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Oh No! Goodbye to Funny Lady Markie Post

We remember Markie Post fondly from the sitcom "Night Court," and hate to hear that we lost her to cancer this week at the age of 70.

She had a beautiful, expressive face and perfect comic timing. We are lucky that for decades Markie Post used both to make us laugh. Now comes the sad news that Post passed away this weekend at the age of 70.

“With great sadness, the family of actress Markie Post tonight shares her passing after a three year, ten month battle with cancer,” her family said in a statement.

Post, who is best remembered for her role as Christine Sullivan, the public defender on Night Court, had continued to act during chemotherapy treatments, which she called her “side job.” Over the years since her diagnosis, she had appeared in a Lifetime Christmas movie and had a recurring guest role on the ABC series The Kids Are Alright.

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A Funny History

The 1980s was when Post found fame. She made appearances on The Love Boat, The A-Team, and Cheers before landing a major role as a bail bondswoman on The Fall Guy, an action show about a stuntman, played by Lee Majors (remember him?), who moonlights as a bounty hunter.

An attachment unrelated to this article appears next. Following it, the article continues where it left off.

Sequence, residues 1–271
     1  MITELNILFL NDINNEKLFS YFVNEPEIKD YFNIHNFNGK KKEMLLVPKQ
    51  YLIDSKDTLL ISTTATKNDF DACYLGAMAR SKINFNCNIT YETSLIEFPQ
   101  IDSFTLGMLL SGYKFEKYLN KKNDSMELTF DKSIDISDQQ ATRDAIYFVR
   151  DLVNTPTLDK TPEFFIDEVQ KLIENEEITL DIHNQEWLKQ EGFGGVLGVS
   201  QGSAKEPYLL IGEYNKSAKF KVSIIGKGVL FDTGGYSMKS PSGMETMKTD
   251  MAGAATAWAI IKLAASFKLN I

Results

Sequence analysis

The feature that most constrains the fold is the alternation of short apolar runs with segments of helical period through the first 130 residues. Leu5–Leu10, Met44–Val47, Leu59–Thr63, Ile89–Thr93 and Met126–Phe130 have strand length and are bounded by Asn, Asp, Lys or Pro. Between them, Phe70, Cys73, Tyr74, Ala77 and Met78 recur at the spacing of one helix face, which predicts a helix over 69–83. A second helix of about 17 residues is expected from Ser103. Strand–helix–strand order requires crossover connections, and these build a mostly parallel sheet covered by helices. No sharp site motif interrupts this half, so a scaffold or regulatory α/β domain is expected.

Those parts led to her starring role in Night Court, in which her charater was the romantic interest of Judge Harry T. Stone, played by Harry Anderson. At the same time she was pursued by the lecherous prosecutor Dan Fielding played by John Larroquette.

In the 1990s, Ms. Post starred opposite John Ritter on Hearts Afire, a political sitcom in which she played a former journalist who went to work as a press aide for a Southern senator. As for film roles, her most notable one was as the wacky mother of the titular Mary in Something About Mary.

Ms. Post is survived by her husband, Michael A. Ross; and two daughters, Kate Armstrong Ross, an actress, and Daisy Schoenborn, plus a five-month-old granddaughter. In a statement, the family says that Post exemplified kindness: “…For us, our pride is in who she was in addition to acting; a person who made elaborate cakes for friends, sewed curtains for first apartments and showed us how to be kind, loving and forgiving in an often harsh world.”

Read More: What to Do (and Say) When a Friend Is Sick

By NextTribe Editors


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